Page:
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Brandeis University’s Independent Student Newspaper Since 1949 | Waltham, MA

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Getting Oriented

(01/16/18 11:00am)

How do you stump a couple of Orientation Leaders? Try asking them to pick their favorite part of Orientation. From discovering all the resources Brandeis offers, to facilitating social and informational events to integrating their grouplets (Brandeis slang for new students at Orientation) into the Brandeisian way of life, Maya Fields ’19 and Ben Korman ’19 revealed in an interview with the Justice what it’s like to be an OL, and why picking their favorite part is such a delightful dilemma.

For Us by Us: The Untold Stories of People of Color on Campus

(12/05/17 11:00am)

Daryl Cabrol ’20 was born in Port-au-Prince, Haiti, and came to the United States when he was six years old. When asked about his childhood in Haiti, Cabrol recalls, “I moved in with my aunt and cousin around the time my mom got sick, which is when everything started to get crazy. It started to spiral out of control, basically, because after her funeral I moved to many different places. I didn’t even see her get buried because there was a family feud between my mom’s side of the family and my dad’s side of the family. It was more of a mixture of miscommunication and not trusting one another... I started living with my grandmother after that, and then my father got shot. He got shot three times and was in critical condition; thankfully he survived. I think that was his wake-up call of how dangerous it was getting. So that was when we moved to Queens, New York, to live with my grandfather.”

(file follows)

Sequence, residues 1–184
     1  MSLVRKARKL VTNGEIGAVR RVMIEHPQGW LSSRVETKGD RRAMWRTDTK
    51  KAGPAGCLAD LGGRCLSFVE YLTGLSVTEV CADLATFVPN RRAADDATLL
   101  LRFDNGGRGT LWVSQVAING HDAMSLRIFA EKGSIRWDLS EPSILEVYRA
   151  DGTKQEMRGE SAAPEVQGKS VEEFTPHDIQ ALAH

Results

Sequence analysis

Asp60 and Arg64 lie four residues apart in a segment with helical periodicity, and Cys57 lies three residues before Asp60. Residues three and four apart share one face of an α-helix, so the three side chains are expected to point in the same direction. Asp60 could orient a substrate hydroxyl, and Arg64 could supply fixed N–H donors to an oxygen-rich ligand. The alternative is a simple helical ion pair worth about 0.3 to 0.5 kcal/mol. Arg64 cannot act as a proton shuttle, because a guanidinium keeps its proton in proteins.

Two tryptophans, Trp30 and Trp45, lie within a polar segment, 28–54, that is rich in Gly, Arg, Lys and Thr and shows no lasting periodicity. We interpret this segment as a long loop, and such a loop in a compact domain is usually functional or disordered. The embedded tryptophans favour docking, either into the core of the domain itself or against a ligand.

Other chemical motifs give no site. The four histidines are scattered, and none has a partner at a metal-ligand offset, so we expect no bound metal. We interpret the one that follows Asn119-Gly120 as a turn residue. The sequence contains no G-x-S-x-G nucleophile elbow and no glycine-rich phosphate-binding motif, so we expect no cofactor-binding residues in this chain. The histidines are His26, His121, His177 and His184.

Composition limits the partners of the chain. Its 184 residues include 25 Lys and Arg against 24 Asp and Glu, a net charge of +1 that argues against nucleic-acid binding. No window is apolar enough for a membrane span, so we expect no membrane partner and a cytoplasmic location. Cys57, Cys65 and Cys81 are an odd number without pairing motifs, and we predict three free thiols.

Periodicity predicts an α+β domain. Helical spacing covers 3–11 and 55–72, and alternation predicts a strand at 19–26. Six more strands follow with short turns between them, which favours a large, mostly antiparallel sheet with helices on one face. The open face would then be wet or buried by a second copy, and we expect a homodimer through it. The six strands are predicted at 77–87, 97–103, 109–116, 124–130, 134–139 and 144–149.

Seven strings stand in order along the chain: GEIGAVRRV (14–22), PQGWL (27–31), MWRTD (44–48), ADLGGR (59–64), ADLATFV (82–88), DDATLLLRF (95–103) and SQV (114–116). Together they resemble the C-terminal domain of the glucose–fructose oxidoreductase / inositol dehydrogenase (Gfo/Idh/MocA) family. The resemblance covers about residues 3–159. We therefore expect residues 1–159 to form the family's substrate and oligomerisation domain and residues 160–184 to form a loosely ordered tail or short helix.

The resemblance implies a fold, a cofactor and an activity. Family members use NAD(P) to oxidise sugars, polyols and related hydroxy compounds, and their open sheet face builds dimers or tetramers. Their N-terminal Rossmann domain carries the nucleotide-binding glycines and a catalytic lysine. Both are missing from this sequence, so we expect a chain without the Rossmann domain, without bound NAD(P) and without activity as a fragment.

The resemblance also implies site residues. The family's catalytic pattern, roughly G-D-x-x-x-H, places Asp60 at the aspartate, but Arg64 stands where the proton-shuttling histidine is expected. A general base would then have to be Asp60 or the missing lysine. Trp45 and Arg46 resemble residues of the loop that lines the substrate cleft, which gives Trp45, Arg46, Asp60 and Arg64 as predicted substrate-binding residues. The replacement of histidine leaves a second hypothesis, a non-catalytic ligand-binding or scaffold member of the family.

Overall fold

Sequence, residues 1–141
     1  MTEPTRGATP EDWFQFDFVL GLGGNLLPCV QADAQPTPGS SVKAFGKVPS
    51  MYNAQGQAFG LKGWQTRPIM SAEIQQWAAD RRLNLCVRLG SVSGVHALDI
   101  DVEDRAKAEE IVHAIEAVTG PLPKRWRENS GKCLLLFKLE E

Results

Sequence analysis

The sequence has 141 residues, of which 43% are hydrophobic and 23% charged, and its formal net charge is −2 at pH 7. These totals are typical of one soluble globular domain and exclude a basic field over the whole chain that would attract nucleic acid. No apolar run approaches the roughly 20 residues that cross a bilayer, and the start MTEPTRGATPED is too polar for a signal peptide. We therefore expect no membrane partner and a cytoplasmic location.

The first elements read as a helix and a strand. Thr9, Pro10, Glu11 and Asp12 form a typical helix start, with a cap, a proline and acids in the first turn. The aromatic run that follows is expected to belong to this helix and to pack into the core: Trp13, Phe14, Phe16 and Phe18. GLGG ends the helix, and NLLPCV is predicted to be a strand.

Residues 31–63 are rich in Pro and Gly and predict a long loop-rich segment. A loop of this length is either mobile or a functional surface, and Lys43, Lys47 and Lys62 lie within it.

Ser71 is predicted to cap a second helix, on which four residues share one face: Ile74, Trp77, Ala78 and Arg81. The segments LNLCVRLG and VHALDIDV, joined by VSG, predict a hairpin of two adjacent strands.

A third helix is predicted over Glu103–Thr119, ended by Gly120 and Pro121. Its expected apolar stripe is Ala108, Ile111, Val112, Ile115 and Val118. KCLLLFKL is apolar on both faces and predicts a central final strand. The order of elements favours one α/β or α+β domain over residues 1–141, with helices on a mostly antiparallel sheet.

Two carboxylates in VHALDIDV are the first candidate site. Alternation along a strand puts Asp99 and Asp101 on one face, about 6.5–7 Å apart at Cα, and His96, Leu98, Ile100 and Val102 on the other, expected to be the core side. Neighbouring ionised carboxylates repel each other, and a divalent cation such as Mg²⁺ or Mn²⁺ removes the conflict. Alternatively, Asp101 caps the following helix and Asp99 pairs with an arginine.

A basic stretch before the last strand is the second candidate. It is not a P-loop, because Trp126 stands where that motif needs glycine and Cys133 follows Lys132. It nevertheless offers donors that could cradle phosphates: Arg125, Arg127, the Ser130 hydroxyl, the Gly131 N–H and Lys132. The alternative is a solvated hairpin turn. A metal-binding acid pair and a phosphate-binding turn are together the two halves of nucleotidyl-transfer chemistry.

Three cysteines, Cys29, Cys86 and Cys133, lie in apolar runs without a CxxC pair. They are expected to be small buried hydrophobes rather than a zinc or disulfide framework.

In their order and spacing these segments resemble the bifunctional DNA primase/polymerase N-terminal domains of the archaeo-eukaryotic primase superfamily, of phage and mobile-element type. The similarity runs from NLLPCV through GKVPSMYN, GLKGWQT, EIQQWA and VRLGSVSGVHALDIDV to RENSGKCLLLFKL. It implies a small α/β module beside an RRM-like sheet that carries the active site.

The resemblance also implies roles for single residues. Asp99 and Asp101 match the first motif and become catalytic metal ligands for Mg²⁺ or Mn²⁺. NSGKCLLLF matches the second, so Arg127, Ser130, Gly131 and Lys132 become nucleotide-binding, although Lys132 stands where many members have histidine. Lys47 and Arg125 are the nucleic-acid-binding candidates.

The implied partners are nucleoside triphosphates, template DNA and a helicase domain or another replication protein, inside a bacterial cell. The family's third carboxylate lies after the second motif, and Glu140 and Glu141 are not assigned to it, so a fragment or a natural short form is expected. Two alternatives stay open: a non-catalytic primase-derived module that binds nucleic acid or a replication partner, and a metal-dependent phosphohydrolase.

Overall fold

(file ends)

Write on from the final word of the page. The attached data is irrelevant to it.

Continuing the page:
‘Warning: This Drug May Kill You’

(11/21/17 11:00am)

How serious is the opioid epidemic in America? On Nov. 16, Dean David Weil of the Heller School of Social Policy and Management and the Opioid Policy Research Collaborative co-hosted a film screening and panel discussion of the film “Warning: This Drug May Kill You” in the Wasserman Cinematheque. The HBO documentary takes a harsh look at the stunning effects of the opioid epidemic in America.

Autism in America

(11/14/17 11:00am)

“My dad says that ‘Every rabbi has only one sermon, and they spend their entire lives trying to perfect it.’ So, this is my effort … to try and continue to perfect that sermon,” said Dr. David Mandell in his presentation titled “The Broken Links Between Policy and Practice in Autism Care.”

Mining for a Fair Deal

(11/14/17 11:00am)

Nestled in the mountains and forests of northern Colombia is the small village of Tamaquito. Tamaquito has been the home to a small tribe known as the Wayúu people. For decades, this tribe has lived off the land, farming and hunting with relatively little connection to the outside world. But in 1980, the Swiss energy company, Glencore began building the largest open pit coal mine (El Cerrejón) adjacent to Wayúu territory, turning the lives of those people upside down and forcing them to make life or death decisions.


(11/07/17 11:00am)

Across the United States, many people go about their daily lives eating only half the sandwich they bought from the corner store, throwing out extra produce that has gone bad and subscribing to the notion that food cannot be eaten post-expiration date.      

When in Rome

(11/07/17 11:00am)

Prof. Ramie Targoff (ENG) knows just what it takes to write a book. With three academic works under her belt, Targoff’s most recent book is a biography of Vittora Colonna, the first woman poet to publish a sonnet series in Italy. In addition to her biography, Targoff has also translated one of two sets of Colonna’s poems in a series called “Other Voices of the Renaissance.”